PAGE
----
The other day I saw a picture of someone I know moving their child into college. I haven’t seen them for some time. Our kids used to play together when they were little, but kids grow up and life changes. Seeing the image took me back to a conversation we had several years earlier.
I had stopped by their house to pick up my daughter, and we chatted as I waited on the front steps. Just about everyday stuff – kids, life, etc. Out of the blue, he made a comment about wanting to leave his job. He was miserable, though he didn’t say it outright. It was written all over his face. I asked if he had discussed it with his wife. He had and she had basically told him to buck up, he had x number of years to retirement. This family had a very nice home, the newest cars and their kids heavily involved in extracurriculars. Any parent knows that costs money. I remember the look of conflict on his face, his desire to find happiness at war with the weight of his obligations.
The whole of our exchange only lasted a few minutes, but the memory stayed with me.
I recently ran across the term dharma in a random read. I’ve seen it before, but didn’t fully understand its meaning so I searched further. Dharma is defined as one’s duty in life, the end goal, finding highest happiness. Karma, on the flip side, is how you get there. What you choose to do, your karma, is energy you send out into the world and what you send out comes back to you.
Money, affluence, the obtaining of things – this has become central to our culture. People are climbing ladders, making deals, buying the bigger house or the newer car. But does it bring true happiness?
Anytime I’ve let money drive my choices, it never worked out well – at least not how I originally envisioned. I do the work and get the pay, but usually at a price higher than anything I gain. Profit is lost due to physical, mental or emotional stress. I end up drained and depleted, my well run dry.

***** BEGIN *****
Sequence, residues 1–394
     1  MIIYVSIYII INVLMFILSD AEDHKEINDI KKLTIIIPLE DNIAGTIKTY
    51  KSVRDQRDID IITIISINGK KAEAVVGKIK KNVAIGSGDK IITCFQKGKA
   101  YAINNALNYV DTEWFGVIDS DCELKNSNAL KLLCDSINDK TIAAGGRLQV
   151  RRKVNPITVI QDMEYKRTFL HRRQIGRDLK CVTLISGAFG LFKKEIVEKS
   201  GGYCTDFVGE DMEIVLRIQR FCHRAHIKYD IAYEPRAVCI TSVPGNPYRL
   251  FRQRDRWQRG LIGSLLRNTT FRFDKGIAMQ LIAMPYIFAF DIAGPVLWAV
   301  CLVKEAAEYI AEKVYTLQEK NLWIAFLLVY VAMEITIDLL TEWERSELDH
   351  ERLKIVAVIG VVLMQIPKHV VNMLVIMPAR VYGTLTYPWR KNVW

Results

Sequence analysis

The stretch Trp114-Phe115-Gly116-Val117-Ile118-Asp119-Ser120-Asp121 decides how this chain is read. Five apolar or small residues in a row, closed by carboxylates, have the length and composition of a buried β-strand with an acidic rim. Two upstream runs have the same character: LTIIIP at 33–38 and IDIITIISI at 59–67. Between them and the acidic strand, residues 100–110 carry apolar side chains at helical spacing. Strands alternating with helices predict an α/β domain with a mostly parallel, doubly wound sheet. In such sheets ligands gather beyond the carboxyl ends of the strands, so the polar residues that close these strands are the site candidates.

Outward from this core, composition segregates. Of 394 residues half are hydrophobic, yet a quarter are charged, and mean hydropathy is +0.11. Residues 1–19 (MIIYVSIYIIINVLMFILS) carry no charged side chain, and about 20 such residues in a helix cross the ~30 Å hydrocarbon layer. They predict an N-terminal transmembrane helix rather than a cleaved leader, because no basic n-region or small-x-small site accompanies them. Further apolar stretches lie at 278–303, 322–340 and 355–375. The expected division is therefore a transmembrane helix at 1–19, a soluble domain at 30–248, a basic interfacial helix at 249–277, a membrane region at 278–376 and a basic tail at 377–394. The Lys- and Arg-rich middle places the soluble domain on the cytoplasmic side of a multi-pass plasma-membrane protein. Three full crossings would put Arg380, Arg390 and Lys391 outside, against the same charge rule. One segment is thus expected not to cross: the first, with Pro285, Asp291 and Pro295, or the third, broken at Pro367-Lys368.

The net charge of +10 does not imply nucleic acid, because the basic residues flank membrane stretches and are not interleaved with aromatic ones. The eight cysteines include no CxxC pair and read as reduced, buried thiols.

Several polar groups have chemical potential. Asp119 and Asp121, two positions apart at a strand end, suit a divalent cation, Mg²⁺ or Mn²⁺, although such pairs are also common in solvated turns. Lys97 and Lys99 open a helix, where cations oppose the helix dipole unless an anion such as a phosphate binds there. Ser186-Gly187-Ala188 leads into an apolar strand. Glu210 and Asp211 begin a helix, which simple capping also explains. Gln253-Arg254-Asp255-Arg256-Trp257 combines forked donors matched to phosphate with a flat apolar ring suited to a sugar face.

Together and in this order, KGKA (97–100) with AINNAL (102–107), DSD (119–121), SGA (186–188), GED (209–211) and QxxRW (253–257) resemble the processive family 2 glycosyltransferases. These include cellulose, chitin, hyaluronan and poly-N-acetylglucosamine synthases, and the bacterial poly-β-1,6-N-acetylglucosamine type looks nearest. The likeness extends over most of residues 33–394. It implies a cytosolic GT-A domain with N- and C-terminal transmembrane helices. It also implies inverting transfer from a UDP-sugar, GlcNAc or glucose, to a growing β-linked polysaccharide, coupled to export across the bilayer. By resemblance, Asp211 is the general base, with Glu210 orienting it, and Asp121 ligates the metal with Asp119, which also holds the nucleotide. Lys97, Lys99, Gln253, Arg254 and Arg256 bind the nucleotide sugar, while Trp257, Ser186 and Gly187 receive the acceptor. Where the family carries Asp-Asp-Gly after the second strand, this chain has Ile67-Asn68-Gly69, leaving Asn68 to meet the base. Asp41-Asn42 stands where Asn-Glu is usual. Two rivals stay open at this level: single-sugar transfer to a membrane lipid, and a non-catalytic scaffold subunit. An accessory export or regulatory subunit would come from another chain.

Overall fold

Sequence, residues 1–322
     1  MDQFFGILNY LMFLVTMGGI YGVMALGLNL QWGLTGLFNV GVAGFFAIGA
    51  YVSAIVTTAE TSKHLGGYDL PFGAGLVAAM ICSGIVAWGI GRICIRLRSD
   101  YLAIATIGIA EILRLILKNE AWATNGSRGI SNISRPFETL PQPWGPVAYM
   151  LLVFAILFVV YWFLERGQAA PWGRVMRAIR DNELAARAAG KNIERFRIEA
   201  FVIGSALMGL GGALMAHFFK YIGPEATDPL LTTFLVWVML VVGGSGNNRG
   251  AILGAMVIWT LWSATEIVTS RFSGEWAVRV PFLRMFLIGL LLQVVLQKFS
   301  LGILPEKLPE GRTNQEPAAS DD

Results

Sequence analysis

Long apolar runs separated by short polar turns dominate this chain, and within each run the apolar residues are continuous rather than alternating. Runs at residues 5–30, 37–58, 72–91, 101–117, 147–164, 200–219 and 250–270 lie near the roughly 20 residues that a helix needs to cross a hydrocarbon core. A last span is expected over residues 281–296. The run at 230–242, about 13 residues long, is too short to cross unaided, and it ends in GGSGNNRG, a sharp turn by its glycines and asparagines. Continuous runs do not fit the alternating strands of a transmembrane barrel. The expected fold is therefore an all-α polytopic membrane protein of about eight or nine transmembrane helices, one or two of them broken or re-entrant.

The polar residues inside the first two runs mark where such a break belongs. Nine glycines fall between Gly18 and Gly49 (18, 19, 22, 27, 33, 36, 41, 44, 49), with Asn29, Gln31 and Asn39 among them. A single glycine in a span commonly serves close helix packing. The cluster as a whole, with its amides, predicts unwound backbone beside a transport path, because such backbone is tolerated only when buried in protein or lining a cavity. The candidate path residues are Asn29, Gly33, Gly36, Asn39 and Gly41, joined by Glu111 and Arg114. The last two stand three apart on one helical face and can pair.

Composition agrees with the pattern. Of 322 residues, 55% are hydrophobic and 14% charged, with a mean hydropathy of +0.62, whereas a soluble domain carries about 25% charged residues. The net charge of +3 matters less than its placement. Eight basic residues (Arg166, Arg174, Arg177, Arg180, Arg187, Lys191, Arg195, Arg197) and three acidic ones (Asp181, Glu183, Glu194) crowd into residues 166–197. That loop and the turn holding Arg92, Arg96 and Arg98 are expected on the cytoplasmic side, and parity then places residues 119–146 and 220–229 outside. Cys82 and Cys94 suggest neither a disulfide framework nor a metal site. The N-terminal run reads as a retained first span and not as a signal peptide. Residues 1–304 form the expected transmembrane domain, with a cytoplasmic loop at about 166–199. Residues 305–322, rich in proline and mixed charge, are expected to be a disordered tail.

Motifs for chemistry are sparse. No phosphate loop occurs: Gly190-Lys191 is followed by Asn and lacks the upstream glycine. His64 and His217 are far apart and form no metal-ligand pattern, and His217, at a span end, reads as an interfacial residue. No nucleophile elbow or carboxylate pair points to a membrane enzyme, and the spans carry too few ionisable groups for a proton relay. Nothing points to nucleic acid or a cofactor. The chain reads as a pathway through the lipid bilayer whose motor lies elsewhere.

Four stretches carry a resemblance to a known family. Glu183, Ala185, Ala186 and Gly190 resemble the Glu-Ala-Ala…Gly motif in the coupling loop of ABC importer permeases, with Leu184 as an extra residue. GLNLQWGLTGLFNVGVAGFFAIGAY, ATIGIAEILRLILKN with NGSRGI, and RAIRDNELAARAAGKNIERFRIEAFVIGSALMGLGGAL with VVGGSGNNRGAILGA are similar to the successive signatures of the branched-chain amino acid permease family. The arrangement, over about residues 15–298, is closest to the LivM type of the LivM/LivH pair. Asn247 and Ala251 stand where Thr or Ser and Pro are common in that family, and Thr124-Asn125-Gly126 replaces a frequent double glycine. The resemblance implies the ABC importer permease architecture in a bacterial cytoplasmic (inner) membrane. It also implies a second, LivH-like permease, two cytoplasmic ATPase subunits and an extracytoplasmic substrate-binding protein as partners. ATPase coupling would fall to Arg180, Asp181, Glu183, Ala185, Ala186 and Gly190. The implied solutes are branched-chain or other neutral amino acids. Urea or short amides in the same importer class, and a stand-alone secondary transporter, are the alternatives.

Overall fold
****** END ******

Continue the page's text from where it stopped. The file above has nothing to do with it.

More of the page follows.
Don’t get me wrong – I love getting paid. Money is necessary to live in this world. But I believe it’s possible to do work I love and get paid well for it. I often say I was called to serve, but I was never meant to be a martyr, though I lived as one for many years. I am letting go of the belief of being undeserving. I am releasing the guilt and opening my arms wide for abundance to enter my life. I want to love my work, to live each day helping others create their best life, for vacations to be gravy on an already fulfilling life instead of an escape. I want to look forward to Mondays, not dread them. And I believe it’s possible.
Often attributed to fortune cookies, an anonymous quote states, “If you continually give, you will continually have.” I believe this. If you release good into the world, it will come back to you. But you must first believe you deserve good and receive it with gratitude. Like a drop in water creates a ripple that flows outward, your actions affect more than just you. You can expand or contract. Choose love or fear. Joy or hate.
Each moment is a choice. No matter what has happened in your life up to this point, you can choose to make whatever you want of this moment. You can choose to keep walking the path you’re on, but…are you happy?